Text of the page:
The Pursuit of Italy: A History of a Land, Its Regions, and Their Peoples by David Gilmour. Insightful general history of Italy and its regions, equally divided between the periods before and after 1800, with ample attention given to Sicily. Highly readable and very revealing, a must if you want to understand Italian history and the complex nation that exists today. Read more.
The Middle Sea: A History of the Mediterranean by John Julius Norwich. Norwich's wide range includes books on Venice, Byzantium and the Normans in Sicily (see below). This one is required reading if you seek to understand Sicily's complex, multicultural history - and especially its Phoenician, Greek, Roman, Byzantine and Arab periods. Every civilization covered here touched Sicily in some way, whether it was the Egyptians (via the Phoenicians), the Jews (who settled in Syracuse), the Spanish peoples or the Ottoman Turks (who raided the island's coasts beginning in the 16th century). The Middle Sea is the ideal book for context, and the island at the center of it all figures prominently. Read more.
The Great Sea: A Human History of the Mediterranean by David Abulafia. Like Norwich's book (above), a lengthy general survey by a highly popular author. While the topics and emphasis differ somewhat, Sicily is very present. An accomplished scholar, Abulafia wrote the definitive biography of Emperor Frederick II (see below), among other well-received works dealing with medieval Italy and Spain. Read more.
Sicily: A Cultural History by Joseph Farrell. A solid work which, though presented as a very general series of historical and cultural facts and observations, is a very good complement to guide books and even to more detailed histories of Sicily (see the following sections). It is also a useful historiography if you are seeking an outline indicating information relative to various historians, visitors and expert commentators. Read more.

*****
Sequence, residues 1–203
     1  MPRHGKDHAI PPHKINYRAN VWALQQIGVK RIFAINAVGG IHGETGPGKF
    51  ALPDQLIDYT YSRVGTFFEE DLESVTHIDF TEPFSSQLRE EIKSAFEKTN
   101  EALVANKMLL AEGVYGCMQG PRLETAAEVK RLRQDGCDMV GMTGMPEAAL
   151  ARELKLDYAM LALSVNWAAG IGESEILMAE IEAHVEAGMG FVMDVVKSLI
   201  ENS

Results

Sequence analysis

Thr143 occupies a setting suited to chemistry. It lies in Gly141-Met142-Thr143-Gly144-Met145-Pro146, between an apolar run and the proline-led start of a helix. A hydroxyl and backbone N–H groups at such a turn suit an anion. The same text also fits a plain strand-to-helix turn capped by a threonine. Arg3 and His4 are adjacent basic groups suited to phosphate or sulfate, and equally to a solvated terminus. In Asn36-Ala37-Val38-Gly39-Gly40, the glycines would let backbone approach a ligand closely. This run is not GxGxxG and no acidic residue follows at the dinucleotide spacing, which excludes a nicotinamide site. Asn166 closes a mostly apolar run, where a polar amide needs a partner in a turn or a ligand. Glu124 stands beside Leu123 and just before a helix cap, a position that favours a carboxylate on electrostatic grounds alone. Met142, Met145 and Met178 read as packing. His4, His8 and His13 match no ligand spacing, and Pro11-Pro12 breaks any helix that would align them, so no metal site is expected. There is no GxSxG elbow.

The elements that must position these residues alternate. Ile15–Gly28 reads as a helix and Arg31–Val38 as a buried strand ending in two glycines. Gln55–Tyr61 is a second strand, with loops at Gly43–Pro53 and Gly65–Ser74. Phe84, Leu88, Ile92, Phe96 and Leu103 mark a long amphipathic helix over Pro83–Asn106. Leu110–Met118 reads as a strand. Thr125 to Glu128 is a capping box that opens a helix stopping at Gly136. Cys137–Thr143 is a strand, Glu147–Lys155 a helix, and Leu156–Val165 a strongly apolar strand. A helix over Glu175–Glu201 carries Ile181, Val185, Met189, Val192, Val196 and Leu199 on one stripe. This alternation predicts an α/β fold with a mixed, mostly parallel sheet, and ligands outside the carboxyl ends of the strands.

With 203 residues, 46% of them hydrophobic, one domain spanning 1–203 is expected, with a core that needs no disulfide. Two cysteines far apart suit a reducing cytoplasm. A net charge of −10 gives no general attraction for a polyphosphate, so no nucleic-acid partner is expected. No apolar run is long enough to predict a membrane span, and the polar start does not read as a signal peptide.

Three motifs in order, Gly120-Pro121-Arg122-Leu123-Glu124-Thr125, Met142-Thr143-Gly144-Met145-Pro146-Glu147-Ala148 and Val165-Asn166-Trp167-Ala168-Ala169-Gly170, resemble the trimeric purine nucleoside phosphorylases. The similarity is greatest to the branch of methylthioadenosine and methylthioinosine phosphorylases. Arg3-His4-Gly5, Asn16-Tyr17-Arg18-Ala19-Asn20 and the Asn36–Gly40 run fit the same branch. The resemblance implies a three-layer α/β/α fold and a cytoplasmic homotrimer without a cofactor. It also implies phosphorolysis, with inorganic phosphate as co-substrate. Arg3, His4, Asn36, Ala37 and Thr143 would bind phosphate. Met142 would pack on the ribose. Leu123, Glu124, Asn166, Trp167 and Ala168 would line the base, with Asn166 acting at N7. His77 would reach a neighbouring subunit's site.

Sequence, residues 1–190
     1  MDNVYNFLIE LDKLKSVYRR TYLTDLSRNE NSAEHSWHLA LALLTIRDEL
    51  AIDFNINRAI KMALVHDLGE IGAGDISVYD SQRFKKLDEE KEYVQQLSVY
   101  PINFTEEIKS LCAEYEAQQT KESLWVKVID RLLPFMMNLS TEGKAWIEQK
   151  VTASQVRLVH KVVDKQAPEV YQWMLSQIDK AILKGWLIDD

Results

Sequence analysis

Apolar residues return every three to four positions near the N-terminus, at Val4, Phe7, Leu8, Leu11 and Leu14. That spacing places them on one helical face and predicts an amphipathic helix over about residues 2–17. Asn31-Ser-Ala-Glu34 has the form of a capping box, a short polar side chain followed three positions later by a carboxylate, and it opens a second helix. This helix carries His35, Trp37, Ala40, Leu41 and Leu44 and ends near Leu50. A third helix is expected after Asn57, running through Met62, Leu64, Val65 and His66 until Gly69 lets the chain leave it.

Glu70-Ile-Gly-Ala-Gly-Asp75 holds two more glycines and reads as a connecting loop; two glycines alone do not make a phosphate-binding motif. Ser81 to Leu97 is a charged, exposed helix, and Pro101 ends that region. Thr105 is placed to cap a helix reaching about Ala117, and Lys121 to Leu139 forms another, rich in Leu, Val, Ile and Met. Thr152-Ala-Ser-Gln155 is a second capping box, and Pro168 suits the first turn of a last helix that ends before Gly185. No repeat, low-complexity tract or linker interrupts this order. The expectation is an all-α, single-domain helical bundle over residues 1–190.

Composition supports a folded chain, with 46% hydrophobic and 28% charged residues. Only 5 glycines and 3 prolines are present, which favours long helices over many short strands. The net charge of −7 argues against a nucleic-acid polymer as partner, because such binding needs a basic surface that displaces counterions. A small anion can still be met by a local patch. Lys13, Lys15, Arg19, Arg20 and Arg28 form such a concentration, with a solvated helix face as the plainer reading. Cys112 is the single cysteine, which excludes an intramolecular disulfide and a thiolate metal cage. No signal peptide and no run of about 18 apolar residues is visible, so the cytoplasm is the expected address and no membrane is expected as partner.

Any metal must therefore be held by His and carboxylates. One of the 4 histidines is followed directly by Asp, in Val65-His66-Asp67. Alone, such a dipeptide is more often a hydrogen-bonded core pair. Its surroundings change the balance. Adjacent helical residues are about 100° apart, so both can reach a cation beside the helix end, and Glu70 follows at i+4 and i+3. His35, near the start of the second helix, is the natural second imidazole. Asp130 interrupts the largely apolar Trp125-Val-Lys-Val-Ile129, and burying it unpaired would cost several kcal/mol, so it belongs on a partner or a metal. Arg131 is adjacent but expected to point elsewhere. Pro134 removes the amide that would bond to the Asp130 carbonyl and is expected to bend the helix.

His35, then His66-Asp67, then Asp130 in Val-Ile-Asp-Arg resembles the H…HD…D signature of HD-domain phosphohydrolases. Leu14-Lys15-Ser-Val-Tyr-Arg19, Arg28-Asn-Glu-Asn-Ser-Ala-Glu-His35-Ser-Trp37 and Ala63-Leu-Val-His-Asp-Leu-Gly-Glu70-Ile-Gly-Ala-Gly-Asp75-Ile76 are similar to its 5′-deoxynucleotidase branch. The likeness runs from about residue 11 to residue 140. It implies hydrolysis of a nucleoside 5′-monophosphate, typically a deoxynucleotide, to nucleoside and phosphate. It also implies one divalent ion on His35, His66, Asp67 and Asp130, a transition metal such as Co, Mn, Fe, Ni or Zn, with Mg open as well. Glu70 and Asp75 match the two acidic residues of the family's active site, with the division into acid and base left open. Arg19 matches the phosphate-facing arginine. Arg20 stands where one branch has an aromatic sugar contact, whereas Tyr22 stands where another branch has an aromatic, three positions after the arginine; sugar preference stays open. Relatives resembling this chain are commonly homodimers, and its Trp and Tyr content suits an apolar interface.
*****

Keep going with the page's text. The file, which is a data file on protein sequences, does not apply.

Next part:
Ancient & Medieval History (pre-1500)
Phoenician Secrets: Exploring the Ancient Mediterranean by Sanford Holst. A fine, pragmatic introduction to this unique civilization and its extensive influences on many societies, including an early presence in Sicily. An enjoyable history. Read more.
Carthage Must Be Destroyed by Richard Miles. For centuries, the Phoenicians and their descendants the Carthaginians ruled half of Sicily, a region contested by Greeks and then Romans. The Carthaginians nearly defeated Rome. Here is the story of the conflict that changed the course of ancient Mediterranean history, and the reason why the words you are reading are written in Latin characters rather than Phoenician ones. Read more.
Syracuse: City of Legends by Jeremy Dummett. This is a splendid, readable, illustrated overview of Siracusa, which rivalled Athens as the most important city of the ancient Greek world. Read more.
Palermo: City of Kings by Jeremy Dummett. An eloquent follow-up to the author's book about Syracuse. Read more.
The Normans in Sicily: The Normans in the South 1016-1130 and the Kingdom in the Sun 1130-1194 by John Julius Norwich. If you thought the Norman conquerors of Sicily and England were long buried, this landmark work will bring them to life in vivid detail. Actually a recent omnibus edition combining two of Norwich's books written in the 1960s, The Normans in Sicily chronicles the Conquest of Sicily ("The Other Conquest") in breathtaking detail. Read more. The two separate volumes are usually in print: The Normans in the South and The Kingdom in the Sun.
The Norman Kingdom of Sicily by Donald Matthew. Published by Cambridge University Press, this book is a useful complementary work to the Norwich and Runciman books reviewed here (and Houben's too). In just over 400 pages, Professor Matthew describes the economic, political and social development of the Kingdom of Sicily under the Normans. Read more.
Roger II of Sicily: A Ruler Between East and West by Hubert Houben. Best biography in print of the Norman king who led Sicily into its multicultural Golden Age. Read more.
Frederick II: A Medieval Emperor by David Abulafia. His death in the middle of the thirteenth century signalled the end of an era in Sicily. Frederick, grandson of Roger II, was the greatest monarch of the 13th century. This defining work, the best biography ever written of this unique monarch, is great but not always in print. Nevertheless, the only book you should think about reading if you want to learn more about Sicily's most famous monarch. Read more.
The Sicilian Vespers: A History of the Mediterranean World in the Later Thirteenth Century by Steven Runciman. Classic, defining work on the medieval revolution that changed European history. This erudite author's fluid prose style, at once scholarly and literary, makes this unique book as entertaining as it is informative, a measure by which other medieval studies are judged. Its sweeping European and Mediterranean context leaves nothing to be desired. Read more.